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the genre's premiere review magazine for short SF & Fantasy since 1993

The First Annual Artist's Challenge Anthology

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Abandoned Towers Presents

The First Annual Artist’s Challenge Anthology


The Song of Jaelyn” by Craig Comer

Looking Through the Moon” by T.W. Williams

Mantle of Darkness” by Wesley Lambert

The Fall of the Fauk Toraum” by Timothy A. Sayell

A Father’s Love” by Keith Gouveia

A Maiden Drawn to the Sea” by Y.B. Cats

The Aspiranto” by Martin Turton


Reviewed by Bob Blough

These seven stories were written around the cover painting by Johnney Perkins. This is a not unusual method of writing stories, as it has been seen from time to time in various SF publications over the years, and includes stories from such as Ray Bradbury, Robert Silverberg, and Roger Zelazny. Harlan Ellison put together an entire book inspired from various works of art.

The Song of Jaelyn” by Craig Comer concerns a siren who finds herself trapped, and is attempting escape on one of the ships she usually sings to its doom. It turns out that the three siren sisters are prisoners of an evil aquatic being known as Phorthes. Does she escape? Do the ship and her crew survive? Don’t think I’ll spoil it for you here.

The next tale is “Looking Through the Moon” by T.W. Williams which takes place in a magical land being overrun by a nation with powerful machines. This time the girl in question is Bethyn, a member of Lasthome: “a bubble of magic in a world of machine. A final morsel.” The story concerns her struggle to save this last remnant of magic from the machine civilization by using her enormous powers which, when used, have devastating consequences for her as well. The story elements include a ship, a storm, and a romance.

Mantle of Darkness” by Wesley Lambert does not have a real ending but the set up is fun. A captain is entrusted by the wife of an explorer to find her husband who has been missing for a fortnight while studying a phantom island. Phantom islands are those that lie close to the surface and show themselves when the conditions are right. The ship containing the lady goes looking for him and along the way encounters a strange mantle of darkness which is definitely not good for all involved.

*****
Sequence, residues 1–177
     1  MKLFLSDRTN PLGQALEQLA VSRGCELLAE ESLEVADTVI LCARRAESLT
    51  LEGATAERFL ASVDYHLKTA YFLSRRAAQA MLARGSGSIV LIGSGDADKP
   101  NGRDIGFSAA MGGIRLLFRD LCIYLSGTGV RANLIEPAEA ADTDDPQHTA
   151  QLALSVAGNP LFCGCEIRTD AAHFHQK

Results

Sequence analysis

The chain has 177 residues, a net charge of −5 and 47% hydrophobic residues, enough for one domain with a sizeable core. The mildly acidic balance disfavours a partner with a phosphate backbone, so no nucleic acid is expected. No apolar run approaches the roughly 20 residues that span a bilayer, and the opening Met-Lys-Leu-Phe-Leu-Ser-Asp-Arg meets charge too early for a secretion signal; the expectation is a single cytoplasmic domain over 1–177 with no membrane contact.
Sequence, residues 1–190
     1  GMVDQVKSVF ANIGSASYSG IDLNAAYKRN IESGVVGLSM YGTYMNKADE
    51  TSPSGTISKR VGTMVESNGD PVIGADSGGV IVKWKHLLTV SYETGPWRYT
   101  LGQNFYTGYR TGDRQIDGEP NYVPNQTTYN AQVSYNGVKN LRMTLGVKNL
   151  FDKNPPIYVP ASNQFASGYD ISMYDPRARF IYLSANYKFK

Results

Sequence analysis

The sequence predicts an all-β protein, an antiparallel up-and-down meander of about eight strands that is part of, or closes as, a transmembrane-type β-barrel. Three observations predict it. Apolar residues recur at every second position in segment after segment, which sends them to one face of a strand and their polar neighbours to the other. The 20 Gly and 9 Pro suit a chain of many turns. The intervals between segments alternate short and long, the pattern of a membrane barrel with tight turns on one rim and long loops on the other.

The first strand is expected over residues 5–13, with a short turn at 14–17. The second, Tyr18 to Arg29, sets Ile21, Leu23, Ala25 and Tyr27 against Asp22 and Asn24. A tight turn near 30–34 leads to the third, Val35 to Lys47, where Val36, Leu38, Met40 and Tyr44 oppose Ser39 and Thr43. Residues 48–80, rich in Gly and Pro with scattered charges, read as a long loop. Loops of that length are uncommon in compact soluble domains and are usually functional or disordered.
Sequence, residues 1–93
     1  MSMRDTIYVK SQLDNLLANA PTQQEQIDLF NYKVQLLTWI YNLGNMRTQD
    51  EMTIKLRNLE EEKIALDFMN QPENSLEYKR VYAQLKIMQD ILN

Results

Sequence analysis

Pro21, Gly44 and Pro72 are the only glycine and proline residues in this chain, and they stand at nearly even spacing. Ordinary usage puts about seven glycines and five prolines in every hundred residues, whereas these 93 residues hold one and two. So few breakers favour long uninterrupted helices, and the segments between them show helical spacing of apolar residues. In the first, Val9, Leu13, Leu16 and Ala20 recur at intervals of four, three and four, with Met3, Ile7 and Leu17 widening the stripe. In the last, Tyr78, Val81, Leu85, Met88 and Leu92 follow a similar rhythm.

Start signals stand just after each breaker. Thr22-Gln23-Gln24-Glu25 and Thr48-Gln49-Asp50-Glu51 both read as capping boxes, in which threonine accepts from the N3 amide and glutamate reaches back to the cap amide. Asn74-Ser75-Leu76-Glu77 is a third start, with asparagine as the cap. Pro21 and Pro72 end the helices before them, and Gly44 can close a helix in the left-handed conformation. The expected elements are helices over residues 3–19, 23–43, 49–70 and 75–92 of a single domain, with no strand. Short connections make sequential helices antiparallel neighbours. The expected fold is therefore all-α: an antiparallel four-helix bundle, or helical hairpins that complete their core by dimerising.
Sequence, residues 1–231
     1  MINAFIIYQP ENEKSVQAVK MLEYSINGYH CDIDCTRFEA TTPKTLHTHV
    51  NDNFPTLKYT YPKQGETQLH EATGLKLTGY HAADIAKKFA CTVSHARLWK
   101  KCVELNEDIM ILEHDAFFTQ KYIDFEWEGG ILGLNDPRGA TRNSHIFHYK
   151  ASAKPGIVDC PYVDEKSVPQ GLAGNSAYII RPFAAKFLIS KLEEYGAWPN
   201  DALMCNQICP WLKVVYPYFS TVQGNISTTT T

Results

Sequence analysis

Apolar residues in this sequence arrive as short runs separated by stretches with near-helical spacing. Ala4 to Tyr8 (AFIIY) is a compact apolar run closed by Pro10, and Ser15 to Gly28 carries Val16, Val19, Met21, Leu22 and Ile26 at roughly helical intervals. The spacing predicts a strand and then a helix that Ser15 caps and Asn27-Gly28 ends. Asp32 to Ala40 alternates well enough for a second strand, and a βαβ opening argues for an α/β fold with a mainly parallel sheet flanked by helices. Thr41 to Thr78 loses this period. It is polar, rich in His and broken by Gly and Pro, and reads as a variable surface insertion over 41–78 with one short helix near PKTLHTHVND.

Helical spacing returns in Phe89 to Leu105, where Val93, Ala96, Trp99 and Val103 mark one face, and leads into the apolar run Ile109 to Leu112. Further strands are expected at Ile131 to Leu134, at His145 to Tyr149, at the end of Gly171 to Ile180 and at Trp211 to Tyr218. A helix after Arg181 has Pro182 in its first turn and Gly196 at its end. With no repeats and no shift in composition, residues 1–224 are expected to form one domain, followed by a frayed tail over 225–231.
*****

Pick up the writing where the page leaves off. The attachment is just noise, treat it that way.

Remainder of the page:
The next piece takes place in a post-apocalyptic world where mutants and pureblood humans fight for dominance. The girl in this story is the princess of the king of the purebloods who steals upon a ship sent by her father to gather information. The ship runs into the mechanized ship of a mutant scholar who believes that his marriage to the princess will be the start of both races becoming pureblood in the future. “The Fall of Fauk Toraum” by Timothy A. Sayell is appropriately filled with derring-do and adventure.

Keith Gouveia in “A Father’s Love” tries for more than adventure and the story does not hold up to the psychology or emotions with which he has chosen to deal. A father’s infant son is stolen by pirates. His wife disowns him and eventually kills herself. The father finally finds the son at the side of the pirate who stole him. The adventure itself seems secondary, but unfortunately the characters—the focal point of the story--are cardboard and the emotions are created by writer fiat. If this had been less a “serious” story about relationships it would have been much more enjoyable.

With Y.B. Cats' A Maiden Drawn to Sea” we return to adventure fiction, and a good one it is, too. This concerns a pair of orphans who know nothing about their parentage, a witch in a nearby cave, and the marriage of one of the orphans to a local sea captain. Let’s just say that sea demons, magical charms, and the sudden unveiling of the parentage of one of the orphans keep this brisk tale moving along.

The book ends with a story I found intriguing. It has an early Zelazny, or perhaps George R.R. Martin feel to it that I enjoyed. The writer is Martin Turton and the story is “The Aspiranto.” It's a romance between two people who are unkindly met at different times in their parallel worlds, or perhaps in different time streams. The female captain of a sailing ship called the Aspiranto is outrunning a particularly nasty enemy when she finds herself on an island where the sole inhabitant knows her (although he calls her by another name) and claims to have loved her for a long time. This male inhabitant is being held prisoner on the island after enduring terrible battles with the enemy that she, too, is fleeing. He claims to possess a certain sight enabling him to see across the time streams, or the myriad possible futures (it is somewhat unclear which). In any case, it is a lovely doomed romance and a fitting tale upon which to close this series of adventures.


The First Annual Artist's Challenge Anthology is a fun collection of stories with nothing on its mind but adventure, romance, and magic. Check your post-modernism at the door and enjoy for an hour or two.

The first three issues of Abandoned Towers magazine can be found here.